"In a lot of ways, opposites attract," he said. "I have a perspective where I come from and what I see with my eyes, and we try to match them together along with everybody else in our front office."
Clash of the titans
There have been some trying moments, though, particularly on personnel issues. Two moves in particular led some people outside the organization to perceive a rift in their relationship: wide receiver Steve Smith's decision to sign with the Eagles as a free agent last year and the loss of injured tight end Jake Ballard, who was claimed on waivers in the offseason by the Patriots.
But Reese takes issue with the suggestion that he and Coughlin butted heads on either move. He called any controversy about the Smith move "ridiculous." "Nothing happens personnel-wise that I don't talk to the owners and the coach about," Reese said. "That stuff is great fodder for you guys to write and it made it look like there was some contention between Tom and I and the owners. That's b.s."
Coughlin initially seemed miffed that the Giants had lost Smith, but now believes Smith simply didn't want to return. "Quite frankly, the more I learned about it, the more I felt that Steve was headed in another direction," Coughlin said.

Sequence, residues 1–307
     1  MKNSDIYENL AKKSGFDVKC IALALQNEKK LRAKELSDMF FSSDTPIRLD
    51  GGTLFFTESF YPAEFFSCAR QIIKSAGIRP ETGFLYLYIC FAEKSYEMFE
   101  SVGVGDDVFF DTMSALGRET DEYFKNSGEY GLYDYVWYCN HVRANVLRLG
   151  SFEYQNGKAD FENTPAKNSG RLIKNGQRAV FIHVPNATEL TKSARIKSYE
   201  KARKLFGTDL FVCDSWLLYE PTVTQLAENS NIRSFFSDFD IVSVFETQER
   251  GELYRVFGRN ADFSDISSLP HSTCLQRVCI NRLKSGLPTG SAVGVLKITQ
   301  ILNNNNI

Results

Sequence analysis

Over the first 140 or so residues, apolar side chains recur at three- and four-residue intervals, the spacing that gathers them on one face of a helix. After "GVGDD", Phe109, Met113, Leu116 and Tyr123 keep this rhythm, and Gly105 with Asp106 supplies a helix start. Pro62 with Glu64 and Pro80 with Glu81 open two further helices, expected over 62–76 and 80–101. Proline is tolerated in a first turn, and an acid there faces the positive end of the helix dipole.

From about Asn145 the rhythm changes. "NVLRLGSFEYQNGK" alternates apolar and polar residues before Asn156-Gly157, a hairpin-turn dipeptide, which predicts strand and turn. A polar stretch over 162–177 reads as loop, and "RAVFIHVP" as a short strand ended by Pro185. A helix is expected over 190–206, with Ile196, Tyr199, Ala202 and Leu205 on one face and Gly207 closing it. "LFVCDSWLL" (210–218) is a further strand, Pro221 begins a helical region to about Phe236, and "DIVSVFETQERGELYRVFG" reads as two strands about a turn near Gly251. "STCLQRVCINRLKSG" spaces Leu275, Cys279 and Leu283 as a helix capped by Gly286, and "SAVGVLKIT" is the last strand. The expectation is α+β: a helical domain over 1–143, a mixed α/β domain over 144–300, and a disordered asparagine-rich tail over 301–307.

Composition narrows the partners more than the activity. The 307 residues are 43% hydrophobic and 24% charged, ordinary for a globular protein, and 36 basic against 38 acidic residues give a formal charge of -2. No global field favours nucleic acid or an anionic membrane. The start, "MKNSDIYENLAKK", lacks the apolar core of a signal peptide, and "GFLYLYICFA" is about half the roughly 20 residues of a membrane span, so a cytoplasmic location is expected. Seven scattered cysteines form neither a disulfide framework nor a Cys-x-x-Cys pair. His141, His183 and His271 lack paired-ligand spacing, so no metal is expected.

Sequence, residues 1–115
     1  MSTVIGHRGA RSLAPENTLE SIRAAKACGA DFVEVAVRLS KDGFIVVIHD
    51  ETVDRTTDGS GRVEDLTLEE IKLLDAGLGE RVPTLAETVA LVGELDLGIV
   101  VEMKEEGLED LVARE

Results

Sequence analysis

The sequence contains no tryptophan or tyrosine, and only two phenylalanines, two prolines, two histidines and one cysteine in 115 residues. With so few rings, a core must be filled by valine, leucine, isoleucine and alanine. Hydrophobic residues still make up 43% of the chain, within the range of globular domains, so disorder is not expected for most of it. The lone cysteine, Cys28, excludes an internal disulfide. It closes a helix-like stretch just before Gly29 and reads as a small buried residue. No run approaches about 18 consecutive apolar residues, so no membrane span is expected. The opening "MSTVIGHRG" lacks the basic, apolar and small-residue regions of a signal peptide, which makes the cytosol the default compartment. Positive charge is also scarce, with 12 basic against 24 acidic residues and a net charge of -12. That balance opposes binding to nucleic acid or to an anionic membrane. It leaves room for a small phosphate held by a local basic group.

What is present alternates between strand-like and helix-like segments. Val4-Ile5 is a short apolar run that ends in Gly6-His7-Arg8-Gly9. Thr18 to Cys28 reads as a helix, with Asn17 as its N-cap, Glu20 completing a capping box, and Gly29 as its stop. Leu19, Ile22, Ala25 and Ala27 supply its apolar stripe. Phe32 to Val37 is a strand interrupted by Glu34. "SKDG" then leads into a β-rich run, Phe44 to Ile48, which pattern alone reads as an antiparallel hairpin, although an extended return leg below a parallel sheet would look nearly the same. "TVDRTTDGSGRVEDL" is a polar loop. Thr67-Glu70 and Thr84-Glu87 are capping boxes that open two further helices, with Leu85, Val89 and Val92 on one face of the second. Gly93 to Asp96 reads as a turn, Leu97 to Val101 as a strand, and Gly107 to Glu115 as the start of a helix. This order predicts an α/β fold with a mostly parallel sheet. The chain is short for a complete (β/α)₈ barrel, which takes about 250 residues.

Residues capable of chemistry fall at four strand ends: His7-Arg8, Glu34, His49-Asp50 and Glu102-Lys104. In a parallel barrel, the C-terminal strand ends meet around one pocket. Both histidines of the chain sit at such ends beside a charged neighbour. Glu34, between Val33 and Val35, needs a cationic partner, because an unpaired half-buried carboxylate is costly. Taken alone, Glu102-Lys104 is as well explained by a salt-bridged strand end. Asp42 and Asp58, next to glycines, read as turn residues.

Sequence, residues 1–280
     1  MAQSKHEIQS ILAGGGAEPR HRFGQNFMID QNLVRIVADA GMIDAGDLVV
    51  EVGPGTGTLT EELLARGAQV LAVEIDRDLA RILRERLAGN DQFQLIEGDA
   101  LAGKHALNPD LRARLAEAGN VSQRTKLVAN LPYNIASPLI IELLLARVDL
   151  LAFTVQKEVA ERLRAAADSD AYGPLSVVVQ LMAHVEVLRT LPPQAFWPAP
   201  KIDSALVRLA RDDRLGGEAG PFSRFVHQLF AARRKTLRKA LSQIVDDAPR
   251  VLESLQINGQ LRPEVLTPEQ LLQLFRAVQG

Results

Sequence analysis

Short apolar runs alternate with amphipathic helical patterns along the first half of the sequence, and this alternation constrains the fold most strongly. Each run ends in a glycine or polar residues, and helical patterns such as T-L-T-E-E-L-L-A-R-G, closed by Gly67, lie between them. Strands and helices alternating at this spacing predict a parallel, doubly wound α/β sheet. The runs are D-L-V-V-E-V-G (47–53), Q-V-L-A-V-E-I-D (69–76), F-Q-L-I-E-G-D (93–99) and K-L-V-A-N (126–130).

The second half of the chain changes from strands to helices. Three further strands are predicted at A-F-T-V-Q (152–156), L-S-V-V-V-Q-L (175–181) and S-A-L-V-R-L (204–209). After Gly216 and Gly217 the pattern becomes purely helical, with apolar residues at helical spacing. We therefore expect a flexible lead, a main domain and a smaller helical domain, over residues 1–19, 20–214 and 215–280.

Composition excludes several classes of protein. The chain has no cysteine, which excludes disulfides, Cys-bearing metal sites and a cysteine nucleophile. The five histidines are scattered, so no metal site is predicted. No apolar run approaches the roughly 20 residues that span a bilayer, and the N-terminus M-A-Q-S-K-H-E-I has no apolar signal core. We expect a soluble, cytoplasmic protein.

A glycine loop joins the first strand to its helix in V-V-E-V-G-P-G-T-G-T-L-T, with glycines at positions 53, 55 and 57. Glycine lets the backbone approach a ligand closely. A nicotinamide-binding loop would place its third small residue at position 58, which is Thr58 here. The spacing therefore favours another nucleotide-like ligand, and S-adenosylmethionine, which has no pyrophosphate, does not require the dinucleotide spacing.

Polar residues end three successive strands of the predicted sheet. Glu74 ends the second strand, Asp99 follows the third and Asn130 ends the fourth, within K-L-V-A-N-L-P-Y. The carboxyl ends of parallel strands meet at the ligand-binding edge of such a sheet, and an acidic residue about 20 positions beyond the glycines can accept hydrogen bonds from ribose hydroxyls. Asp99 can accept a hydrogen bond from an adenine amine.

The coach admits frustration about losing Ballard, but it is not aimed at Reese. "It's no one's fault, but it's just disappointing at the time," he said. "It's something you have to get over."
Reese knew the Giants were taking a gamble by exposing Ballard to waivers, but felt no team would claim him because he will miss the entire 2012 season with a knee injury. "We didn't think it would happen, because he had ACL and microfracture surgery in February. We sure wouldn't claim anybody like that. But to say that Tom was upset with me, that's ridiculous."
Reese has been especially astute in the draft, acquiring players such as All-Pro defensive end Jason Pierre-Paul, running back Ahmad Bradshaw, wide receivers Hakeem Nicks and the undrafted Victor Cruz, and unrestricted free agents such as safety Antrel Rolle, linebacker Michael Boley, and defensive tackle Chris Canty. All were major contributors in the Giants' most recent Super Bowl run. Overall, there have been many more personnel hits than misses.